Now for the alternate paradigm of learning.

Alternate Paradigm of Learning

The teacher was very behavioristic, and would often stop students mid-sentence to correct their ideas and elaborate on what changes the students needed to make. Her mantra was “do not interject personal sentiment into the policy process”.   She was stern with a set of pre-defined objectives, and did not allow for much self-expression or choice.    Students were not actively engaged in the discussion following the debates, and were not prompted by the teacher to do else wise.  Students followed a prescribed course of action the entire evening.  Repetitive information was sited at the beginning of each new topic. Points for discussion were listed by the instructor, and only simple responses were accepted.  Those students who closely followed the pre-defined objectives were rewarded with additional points.

Alternative Observation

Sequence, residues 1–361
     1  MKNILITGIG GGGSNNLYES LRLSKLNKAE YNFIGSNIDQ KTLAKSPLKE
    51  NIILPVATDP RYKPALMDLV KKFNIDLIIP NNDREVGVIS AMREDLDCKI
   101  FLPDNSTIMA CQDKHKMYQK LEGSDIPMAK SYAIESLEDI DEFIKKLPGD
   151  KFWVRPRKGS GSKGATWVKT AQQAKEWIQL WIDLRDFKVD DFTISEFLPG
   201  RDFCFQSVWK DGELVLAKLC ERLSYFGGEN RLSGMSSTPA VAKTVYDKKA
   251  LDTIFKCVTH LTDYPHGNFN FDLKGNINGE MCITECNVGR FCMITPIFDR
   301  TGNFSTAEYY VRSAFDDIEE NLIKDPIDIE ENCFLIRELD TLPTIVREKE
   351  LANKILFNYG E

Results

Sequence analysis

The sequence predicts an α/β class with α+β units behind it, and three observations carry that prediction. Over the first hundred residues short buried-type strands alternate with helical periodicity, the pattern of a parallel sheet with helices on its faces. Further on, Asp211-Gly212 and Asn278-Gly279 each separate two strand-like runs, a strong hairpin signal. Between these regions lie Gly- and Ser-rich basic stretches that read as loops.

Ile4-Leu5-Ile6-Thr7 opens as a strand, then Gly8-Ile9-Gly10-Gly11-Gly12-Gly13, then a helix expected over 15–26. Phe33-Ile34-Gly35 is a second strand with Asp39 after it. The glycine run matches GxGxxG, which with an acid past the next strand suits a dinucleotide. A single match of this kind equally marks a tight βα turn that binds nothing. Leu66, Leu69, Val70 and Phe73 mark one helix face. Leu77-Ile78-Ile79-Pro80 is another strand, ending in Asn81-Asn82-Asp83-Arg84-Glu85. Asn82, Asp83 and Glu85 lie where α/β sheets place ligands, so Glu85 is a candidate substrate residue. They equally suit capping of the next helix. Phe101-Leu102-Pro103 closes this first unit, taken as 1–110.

The classroom is a modern interactive video conference classroom (IVC).  The instructor sits at the front of the class at her desk.  For convenience she has two monitors, one that allows her to see all her classes that are located throughout the state, and the another screen has her power points and internet links that she will use to guide the nights discussion.  This instructor prefers to not use the monitors nor any other digital technology.   Behind her on the wall is an 80 inch plasma screen, that for tonight will remain off, since she feels certain technology is distracting.    The wall in front of the instructor has a 70 inch plasma screen with four  large images of all the distant education sites she will teach tonight.  She allows this screen to remain on.  You can see the students at these distant sites slowly starting to  funnel into the classroom.   In the back corner of the broadcast classroom sits a site facilitator named Sylvan,  who monitors and  controls the broadcasting  equipment from a desktop touch screen.  He also has dual monitors on his desk that reflect exactly what the instructor sees on her screens as well as what is projected on the wall mounted plasmas.